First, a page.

Small gains for Mississippi, but long road ahead

By Micheala Gibson Morris/NEMS Daily Journal

Mississippi has one of the highest rates of childhood obesity, but the state has made some significant strides in the past two years.
Last fall, Mississippi was recognized for making a dramatic difference in school environments by the Centers for Disease Control division of adolescent and school health.
Mississippi was in the top quarter of states in the percentage of schools banning tobacco on campus, implementing comprehensive health education, setting up school health teams and getting sugary soda and junk food out of campus vending machines.
“Two years ago, Mississippi was near the bottom,” said Howell Wechsler, division director during a presentation in Tupelo. “Now you’re very near the top.”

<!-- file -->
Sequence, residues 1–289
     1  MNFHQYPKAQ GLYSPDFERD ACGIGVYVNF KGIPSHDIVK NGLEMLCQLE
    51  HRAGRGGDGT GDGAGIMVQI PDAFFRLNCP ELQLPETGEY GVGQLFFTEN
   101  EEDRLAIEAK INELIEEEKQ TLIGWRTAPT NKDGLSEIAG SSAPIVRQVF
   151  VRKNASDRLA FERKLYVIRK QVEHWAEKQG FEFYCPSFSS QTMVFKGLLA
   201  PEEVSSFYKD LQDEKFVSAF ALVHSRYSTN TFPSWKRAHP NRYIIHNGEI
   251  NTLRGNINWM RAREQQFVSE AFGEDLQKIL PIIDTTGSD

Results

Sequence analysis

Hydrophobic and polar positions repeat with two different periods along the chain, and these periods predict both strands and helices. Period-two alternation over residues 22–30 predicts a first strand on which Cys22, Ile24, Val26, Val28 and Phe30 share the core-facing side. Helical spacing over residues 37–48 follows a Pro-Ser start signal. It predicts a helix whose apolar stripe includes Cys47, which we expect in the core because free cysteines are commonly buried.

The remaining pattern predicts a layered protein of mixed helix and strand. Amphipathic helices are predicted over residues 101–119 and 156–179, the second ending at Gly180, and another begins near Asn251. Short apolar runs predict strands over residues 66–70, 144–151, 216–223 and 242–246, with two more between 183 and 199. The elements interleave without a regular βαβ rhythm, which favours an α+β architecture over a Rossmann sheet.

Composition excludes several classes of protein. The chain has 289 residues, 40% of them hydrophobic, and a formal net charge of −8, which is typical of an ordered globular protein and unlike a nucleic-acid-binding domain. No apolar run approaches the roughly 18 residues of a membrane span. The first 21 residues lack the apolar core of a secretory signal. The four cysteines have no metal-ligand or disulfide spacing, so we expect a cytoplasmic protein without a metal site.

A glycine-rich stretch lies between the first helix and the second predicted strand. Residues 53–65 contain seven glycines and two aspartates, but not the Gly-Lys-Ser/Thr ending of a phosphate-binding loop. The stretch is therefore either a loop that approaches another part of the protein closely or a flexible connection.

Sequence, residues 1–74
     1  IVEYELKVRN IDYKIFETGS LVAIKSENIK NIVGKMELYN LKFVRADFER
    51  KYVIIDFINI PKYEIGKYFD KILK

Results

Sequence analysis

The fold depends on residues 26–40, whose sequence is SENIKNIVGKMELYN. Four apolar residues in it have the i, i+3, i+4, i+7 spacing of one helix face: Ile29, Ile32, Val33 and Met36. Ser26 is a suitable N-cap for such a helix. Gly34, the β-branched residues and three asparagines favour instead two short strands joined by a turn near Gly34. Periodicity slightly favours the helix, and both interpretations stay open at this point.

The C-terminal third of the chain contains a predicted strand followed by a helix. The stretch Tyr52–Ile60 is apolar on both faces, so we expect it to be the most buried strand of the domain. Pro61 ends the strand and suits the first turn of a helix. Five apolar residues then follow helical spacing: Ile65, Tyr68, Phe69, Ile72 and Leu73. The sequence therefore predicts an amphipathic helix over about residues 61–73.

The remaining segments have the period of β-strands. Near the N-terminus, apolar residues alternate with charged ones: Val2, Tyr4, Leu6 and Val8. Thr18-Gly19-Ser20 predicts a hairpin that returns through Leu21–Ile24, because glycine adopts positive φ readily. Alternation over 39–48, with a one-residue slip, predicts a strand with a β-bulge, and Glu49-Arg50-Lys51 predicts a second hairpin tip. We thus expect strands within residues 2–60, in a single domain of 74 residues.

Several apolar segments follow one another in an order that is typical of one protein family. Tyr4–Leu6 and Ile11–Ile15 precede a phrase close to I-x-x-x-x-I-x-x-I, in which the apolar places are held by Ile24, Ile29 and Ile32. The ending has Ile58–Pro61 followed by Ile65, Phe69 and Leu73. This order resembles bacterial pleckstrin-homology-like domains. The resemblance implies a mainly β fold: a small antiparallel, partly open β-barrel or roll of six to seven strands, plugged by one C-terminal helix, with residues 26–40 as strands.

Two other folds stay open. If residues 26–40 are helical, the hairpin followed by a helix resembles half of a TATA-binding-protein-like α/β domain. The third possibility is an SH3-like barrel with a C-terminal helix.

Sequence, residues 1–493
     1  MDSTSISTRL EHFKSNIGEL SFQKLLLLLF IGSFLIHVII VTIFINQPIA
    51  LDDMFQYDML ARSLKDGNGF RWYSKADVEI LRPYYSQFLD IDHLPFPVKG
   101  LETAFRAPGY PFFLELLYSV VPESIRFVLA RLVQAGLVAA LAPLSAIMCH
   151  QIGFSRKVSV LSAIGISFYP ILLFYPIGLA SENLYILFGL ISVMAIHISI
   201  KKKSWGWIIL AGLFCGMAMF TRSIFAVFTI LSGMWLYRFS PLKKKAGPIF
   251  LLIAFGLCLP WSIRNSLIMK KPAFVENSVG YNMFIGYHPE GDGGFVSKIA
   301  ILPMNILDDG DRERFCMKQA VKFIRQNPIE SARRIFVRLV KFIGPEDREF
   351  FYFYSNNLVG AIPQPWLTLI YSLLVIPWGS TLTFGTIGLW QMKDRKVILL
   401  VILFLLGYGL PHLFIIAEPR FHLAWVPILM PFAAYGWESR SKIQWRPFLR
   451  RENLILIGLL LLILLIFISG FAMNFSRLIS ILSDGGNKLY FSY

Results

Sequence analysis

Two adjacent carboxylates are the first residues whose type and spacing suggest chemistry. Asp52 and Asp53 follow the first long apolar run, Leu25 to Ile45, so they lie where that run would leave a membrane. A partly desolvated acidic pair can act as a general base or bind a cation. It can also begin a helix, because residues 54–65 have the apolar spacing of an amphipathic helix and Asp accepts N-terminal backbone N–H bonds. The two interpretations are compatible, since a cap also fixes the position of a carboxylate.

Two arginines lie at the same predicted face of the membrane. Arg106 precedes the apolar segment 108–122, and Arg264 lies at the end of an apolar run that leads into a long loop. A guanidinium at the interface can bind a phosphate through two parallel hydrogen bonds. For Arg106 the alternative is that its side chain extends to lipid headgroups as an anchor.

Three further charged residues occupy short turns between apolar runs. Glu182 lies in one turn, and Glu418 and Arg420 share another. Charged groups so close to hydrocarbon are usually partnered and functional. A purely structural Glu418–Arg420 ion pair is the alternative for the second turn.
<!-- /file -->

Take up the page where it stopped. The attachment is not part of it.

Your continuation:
Schools alone won’t be able to turn the tide, but there are some indications that the state may be getting some traction.
A 2009 University of Southern Mississippi study showed that 23.9 percent of Mississippi students were overweight or obese, compared to 25.5 percent in 2005.
There’s still plenty to be done. The Health People 2010 goal was to reduce the childhood obesity rate to 5 percent.

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